Capella (The Food of Love, 2004) again mingles amore with alimenti in this tale of a British officer who develops an appetite for all things Italian.
In February 1944, Captain James Gould is sent to Naples to enforce an army policy discouraging British soldiers from marrying Italian natives. The inexperienced officer is quickly put on the offensive when confronted with bribes and brides. James clamps down on the black market and takes a hard line when dealing with locals. They devise a ploy to soften his governance by attacking his taste buds: “A man who has eaten well—he’s at peace with the world…he wants other people to be happy.” So the black marketers place beautiful and talented cook Livia Pertini in James’s kitchen. He tries to resist (it’s career suicide, after all), but soon the young officer is under her spell. James reverses his stance and starts approving batches of marriage applications; he even aids the locals as they attempt to reopen businesses. Livia is standoffish at first—she’s a recent widow, and the Allies treated her family vilely—but eventually she succumbs to James’s clumsy seductions. Capella does a capable job capturing the essence of war-torn Italy, but his prose becomes transcendent when he pours his heart into telling the story of Italian food. Readers will appreciate the recipes for sugo (a basic tomato sauce) and other classic Italian dishes; even the most fastidious dieter may consider a pasta binge. Disappointingly, the love story isn’t as appetizing as Livia’s fettuccine al limone.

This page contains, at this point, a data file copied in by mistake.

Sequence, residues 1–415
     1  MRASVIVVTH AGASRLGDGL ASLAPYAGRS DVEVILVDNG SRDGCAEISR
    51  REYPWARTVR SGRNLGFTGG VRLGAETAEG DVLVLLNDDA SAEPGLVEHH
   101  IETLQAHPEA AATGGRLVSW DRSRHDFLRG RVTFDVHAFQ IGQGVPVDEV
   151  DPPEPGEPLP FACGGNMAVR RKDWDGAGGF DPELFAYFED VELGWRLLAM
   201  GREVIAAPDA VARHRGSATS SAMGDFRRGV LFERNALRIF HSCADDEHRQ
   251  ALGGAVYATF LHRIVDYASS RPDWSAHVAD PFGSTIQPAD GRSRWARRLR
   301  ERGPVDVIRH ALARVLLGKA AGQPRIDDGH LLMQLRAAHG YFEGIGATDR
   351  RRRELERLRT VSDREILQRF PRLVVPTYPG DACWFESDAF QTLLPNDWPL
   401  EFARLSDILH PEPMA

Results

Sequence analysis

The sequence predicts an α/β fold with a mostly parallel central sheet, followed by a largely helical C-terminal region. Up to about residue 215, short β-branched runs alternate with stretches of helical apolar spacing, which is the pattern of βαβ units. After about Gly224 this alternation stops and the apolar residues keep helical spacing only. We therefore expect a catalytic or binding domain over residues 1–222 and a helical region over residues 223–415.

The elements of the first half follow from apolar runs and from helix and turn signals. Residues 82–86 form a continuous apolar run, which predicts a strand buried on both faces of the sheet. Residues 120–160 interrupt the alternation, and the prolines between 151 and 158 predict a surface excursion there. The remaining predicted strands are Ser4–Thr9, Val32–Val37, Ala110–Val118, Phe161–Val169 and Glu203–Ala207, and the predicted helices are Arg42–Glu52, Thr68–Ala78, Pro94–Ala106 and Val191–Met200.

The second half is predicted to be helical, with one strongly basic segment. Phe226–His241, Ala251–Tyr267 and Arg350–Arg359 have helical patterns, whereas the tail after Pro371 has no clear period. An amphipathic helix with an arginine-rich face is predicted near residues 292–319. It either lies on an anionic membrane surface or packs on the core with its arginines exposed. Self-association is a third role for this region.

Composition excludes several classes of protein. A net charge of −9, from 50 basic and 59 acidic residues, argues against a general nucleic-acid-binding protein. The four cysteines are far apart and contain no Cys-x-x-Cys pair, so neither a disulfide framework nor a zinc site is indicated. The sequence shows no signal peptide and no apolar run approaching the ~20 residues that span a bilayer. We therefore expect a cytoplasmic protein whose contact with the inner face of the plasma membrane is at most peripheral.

An overwrought romance spoils a lovely feast for the senses.